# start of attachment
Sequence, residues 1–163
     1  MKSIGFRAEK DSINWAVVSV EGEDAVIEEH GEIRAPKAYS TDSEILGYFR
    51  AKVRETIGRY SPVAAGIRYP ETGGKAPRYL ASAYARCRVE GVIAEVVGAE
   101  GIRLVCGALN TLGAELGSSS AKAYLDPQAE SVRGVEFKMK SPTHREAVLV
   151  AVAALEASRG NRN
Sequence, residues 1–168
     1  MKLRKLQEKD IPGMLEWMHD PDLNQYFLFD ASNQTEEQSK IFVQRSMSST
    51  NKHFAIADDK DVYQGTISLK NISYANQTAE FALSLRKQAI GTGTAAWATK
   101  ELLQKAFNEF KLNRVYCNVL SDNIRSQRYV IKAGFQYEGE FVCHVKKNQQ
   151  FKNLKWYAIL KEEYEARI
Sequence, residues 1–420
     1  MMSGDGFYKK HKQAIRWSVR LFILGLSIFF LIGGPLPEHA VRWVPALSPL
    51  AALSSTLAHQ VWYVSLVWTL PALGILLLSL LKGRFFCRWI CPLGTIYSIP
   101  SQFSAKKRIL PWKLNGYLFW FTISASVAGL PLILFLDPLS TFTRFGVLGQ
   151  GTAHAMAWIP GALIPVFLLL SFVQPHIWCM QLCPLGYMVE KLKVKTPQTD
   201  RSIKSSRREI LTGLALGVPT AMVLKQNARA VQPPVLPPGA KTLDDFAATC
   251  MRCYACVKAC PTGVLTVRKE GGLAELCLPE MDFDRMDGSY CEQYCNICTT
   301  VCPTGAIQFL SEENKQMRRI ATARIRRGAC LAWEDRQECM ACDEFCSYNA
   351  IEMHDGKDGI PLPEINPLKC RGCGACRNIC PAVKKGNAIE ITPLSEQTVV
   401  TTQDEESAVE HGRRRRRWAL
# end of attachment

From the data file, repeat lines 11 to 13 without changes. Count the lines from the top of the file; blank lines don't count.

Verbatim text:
Sequence, residues 1–420
     1  MMSGDGFYKK HKQAIRWSVR LFILGLSIFF LIGGPLPEHA VRWVPALSPL
    51  AALSSTLAHQ VWYVSLVWTL PALGILLLSL LKGRFFCRWI CPLGTIYSIP